Progressive Theology - A personal reflection - Shirley Baskett
Those who try to marry the clear teaching of the Bible to the culture of the day will often adopt the idea that their new theologies are 'progressive'. "The idea of a progressive gospel seems to have fascinated many."This statement was made by Charles Spurgeon. In his day, there were those who pushed the same kind of ideas that we see today, such as the theology that rears its head regularly of universalism. He scathingly went on to say, regarding those who were putting forth these 'new' ideas that "Their gigantic intellects are to hatch out the meanings of the Infinite! We think we see them brooding over hidden truths to which they lend the aid of their superior genius to accomplish their development!” (Spurgeon, 1888)
Few of the theologians of this time are remembered or known, other than Spurgeon.
I grew up in a home where my mother could have been accused of being fundamentalist. My father however had been enarmoured with ‘progressive’ theology of the early 20thCentury. Theologians after WWII put forth much to dismantle belief in miracles, historic truth of biblical accounts and dug into meanings to change traditional understanding to fit cultural life.
I observed my father as he read more and more of what he called ‘progressive’ thinking, and saw that it led to an intellectual position that eventually meant that God was who you created him or her to be. My father did not start with this, but the more he dialogued with others, the soupier his beliefs became. He was content in his ‘rightness’ because he saw humankind’s greatest obligation was to help others, and in particular the poor and downtrodden.
This part of the new group he aligned himself to was admirable, but while he had his focus on humankind, he lost sight of a God who condescends to live amongst us, paying the price with his love, with the shed blood of his son. He lost sight of God who is holy, and God who is all powerful. I don’t judge my father for this, as he was trying to make sense of personal suffering, and of a life that had dealt him more pain and more blows than seemed fair.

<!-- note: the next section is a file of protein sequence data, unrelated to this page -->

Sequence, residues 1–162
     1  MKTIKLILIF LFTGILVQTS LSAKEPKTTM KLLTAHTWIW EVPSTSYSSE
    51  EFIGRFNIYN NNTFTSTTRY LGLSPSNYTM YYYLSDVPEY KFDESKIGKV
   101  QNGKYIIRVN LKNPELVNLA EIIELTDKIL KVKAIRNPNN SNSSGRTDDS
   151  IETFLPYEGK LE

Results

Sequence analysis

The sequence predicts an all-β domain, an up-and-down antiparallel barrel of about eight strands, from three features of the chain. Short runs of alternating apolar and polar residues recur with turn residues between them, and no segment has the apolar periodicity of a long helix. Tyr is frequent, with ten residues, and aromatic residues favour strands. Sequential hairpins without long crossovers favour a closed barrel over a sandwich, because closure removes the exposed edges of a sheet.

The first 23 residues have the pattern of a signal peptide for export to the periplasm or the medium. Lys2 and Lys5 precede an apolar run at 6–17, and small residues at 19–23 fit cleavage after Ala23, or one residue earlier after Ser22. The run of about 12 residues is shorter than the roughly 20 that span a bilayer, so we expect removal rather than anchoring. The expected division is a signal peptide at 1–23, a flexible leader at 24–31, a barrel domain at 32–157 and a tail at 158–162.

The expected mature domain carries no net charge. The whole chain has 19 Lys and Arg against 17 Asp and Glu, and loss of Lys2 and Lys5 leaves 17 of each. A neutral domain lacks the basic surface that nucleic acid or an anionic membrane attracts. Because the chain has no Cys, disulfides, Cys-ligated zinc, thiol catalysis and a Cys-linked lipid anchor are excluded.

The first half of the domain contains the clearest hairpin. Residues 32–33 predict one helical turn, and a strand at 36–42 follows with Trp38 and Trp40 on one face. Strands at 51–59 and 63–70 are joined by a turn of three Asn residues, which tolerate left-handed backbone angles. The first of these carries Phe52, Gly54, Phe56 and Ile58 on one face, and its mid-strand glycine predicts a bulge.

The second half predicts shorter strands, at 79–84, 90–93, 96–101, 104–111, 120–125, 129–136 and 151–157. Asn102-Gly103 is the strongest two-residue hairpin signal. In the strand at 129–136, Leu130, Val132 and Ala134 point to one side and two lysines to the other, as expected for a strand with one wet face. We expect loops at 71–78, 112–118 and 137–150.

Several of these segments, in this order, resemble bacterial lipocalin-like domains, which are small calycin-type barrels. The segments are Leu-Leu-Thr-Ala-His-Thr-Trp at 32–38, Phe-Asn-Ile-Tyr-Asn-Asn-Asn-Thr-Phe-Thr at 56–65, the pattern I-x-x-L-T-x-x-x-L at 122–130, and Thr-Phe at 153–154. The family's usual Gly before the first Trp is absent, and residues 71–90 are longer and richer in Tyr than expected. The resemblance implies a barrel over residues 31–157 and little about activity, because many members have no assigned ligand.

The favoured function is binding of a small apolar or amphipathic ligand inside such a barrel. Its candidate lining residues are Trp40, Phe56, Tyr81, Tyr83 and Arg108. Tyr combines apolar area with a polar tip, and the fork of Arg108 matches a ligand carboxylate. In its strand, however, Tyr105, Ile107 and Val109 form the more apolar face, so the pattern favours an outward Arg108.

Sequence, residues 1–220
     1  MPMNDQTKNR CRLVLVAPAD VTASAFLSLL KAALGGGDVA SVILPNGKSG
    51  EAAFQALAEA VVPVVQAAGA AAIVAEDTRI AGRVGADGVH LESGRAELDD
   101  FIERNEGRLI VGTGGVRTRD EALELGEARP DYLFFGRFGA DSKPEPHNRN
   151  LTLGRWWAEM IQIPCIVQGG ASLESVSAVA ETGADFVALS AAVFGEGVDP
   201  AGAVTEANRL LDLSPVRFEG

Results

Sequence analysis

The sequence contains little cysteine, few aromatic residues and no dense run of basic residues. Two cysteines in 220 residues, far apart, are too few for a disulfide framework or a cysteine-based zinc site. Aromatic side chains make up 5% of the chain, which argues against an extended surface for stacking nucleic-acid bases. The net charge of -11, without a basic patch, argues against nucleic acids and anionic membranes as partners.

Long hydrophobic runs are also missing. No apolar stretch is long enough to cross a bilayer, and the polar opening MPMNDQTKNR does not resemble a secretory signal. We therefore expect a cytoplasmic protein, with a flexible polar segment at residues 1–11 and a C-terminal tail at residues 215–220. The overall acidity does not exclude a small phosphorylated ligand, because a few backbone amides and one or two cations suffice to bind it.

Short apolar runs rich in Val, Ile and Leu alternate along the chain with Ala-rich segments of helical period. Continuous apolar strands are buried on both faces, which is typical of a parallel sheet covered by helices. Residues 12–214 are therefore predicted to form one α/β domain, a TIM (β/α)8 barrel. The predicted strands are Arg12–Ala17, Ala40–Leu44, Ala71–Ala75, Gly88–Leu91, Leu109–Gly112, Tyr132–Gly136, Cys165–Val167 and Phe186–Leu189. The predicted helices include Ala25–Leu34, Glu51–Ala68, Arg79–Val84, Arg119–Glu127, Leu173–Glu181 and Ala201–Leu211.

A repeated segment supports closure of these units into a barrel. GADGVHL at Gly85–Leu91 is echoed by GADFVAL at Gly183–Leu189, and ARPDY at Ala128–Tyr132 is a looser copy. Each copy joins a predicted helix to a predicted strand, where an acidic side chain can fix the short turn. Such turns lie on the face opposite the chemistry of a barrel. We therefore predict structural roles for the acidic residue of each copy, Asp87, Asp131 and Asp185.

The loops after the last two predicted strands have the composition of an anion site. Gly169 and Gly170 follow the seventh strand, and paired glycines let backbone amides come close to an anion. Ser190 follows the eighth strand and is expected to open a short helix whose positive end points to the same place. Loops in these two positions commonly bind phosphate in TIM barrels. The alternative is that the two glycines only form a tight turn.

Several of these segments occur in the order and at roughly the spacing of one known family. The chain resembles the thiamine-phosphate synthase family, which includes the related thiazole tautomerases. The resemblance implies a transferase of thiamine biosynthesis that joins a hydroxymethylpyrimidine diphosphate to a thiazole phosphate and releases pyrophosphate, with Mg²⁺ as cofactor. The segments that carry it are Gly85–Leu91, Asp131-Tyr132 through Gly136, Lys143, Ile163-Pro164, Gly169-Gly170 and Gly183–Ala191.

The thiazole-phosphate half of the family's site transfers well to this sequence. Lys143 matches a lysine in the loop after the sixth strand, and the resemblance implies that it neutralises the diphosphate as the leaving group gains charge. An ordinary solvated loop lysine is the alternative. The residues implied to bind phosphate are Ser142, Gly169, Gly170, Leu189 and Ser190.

Progressive theology was like a cloud that stole light from my father. This is why I see it so clearly when it reappears in new forms. Today, it seems more ‘progressive’ to reinterpret scripture so that God is said to accept what he clearly does not accept, regarding homosexual behaviour. In adopting these new theologies, we rob God of his holiness and of his power to transform.
Even though my own testimony of my coming back to Jesus and turning from my lesbian life seems a miracle, it poorly compares to the incredible change that my father made at age 84, returning to the clarity of his earlier faith.
He said he felt like he had been a prodigal son. "I forgot the main thing! The main thing is Jesus!” He would say during his next nine years, that it was as if he had been slowly poisoned, but now he knew that the key for life is to embrace the cross, to know that our hope is in the resurrection. (1 Cor 15:12 – 19). He was keenly aware that he would soon stand before God and got to work trying to help others to know that Jesus had a claim on their lives.
No serious theologian would take some of the twists that are being applied to scripture to accommodate immorality. Although the exegesis may seem plausible, a cursory study, in context with the whole word of God and not simply accepting ‘progressive’ interpretations, quickly lays to rest what can be very seductive questions, ‘did God really say?’.
2 Peter 2:19-21 "While they promise them liberty, they themselves are slaves of corruption; for by whom a person is overcome, by him also he is brought into bondage. 20 For if, after they have escaped the pollutions of the world through the knowledge of the Lord and Saviour Jesus Christ, they are again entangled in them and overcome, the latter end is worse for them than the beginning. 21 For it would have been better for them not to have known the way of righteousness, than having known it, to turn from the holy commandment delivered to them.”
We are prone to want to believe these things out of compassion or not wanting to alienate people because they are ‘nice’. Many people could endear themselves because they are ‘nice’ but none of us is purely, ‘nice’. This is why we need to submit all of our beings to Christ and let him do his work of sanctification in us.